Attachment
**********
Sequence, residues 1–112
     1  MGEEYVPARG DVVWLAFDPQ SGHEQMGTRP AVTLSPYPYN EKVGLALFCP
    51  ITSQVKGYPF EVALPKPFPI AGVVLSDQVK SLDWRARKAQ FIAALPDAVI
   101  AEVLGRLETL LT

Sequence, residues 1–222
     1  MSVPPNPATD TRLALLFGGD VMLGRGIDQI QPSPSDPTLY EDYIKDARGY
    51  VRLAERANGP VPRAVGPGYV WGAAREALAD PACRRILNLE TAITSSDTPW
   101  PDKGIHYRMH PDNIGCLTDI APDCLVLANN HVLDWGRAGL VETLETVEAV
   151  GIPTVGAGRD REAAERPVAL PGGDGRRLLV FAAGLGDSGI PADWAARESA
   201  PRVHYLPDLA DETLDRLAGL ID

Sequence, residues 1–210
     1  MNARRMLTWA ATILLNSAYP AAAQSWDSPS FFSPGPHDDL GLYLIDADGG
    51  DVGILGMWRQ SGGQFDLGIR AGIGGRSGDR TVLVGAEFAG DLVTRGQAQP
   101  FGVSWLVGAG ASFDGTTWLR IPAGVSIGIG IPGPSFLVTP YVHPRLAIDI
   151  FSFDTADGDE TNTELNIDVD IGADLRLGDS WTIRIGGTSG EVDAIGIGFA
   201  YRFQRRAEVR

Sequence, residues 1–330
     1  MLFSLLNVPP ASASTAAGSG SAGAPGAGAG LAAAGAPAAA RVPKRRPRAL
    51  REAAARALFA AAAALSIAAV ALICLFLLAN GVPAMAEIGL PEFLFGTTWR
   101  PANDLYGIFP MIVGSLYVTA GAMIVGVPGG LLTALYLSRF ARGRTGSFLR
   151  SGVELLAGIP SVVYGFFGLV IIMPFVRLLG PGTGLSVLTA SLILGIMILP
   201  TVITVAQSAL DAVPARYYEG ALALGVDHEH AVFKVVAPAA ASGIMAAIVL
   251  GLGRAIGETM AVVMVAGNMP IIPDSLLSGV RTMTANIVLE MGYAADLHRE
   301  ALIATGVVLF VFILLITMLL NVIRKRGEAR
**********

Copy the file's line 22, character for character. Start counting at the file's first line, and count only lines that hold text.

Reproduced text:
   201  TVITVAQSAL DAVPARYYEG ALALGVDHEH AVFKVVAPAA ASGIMAAIVL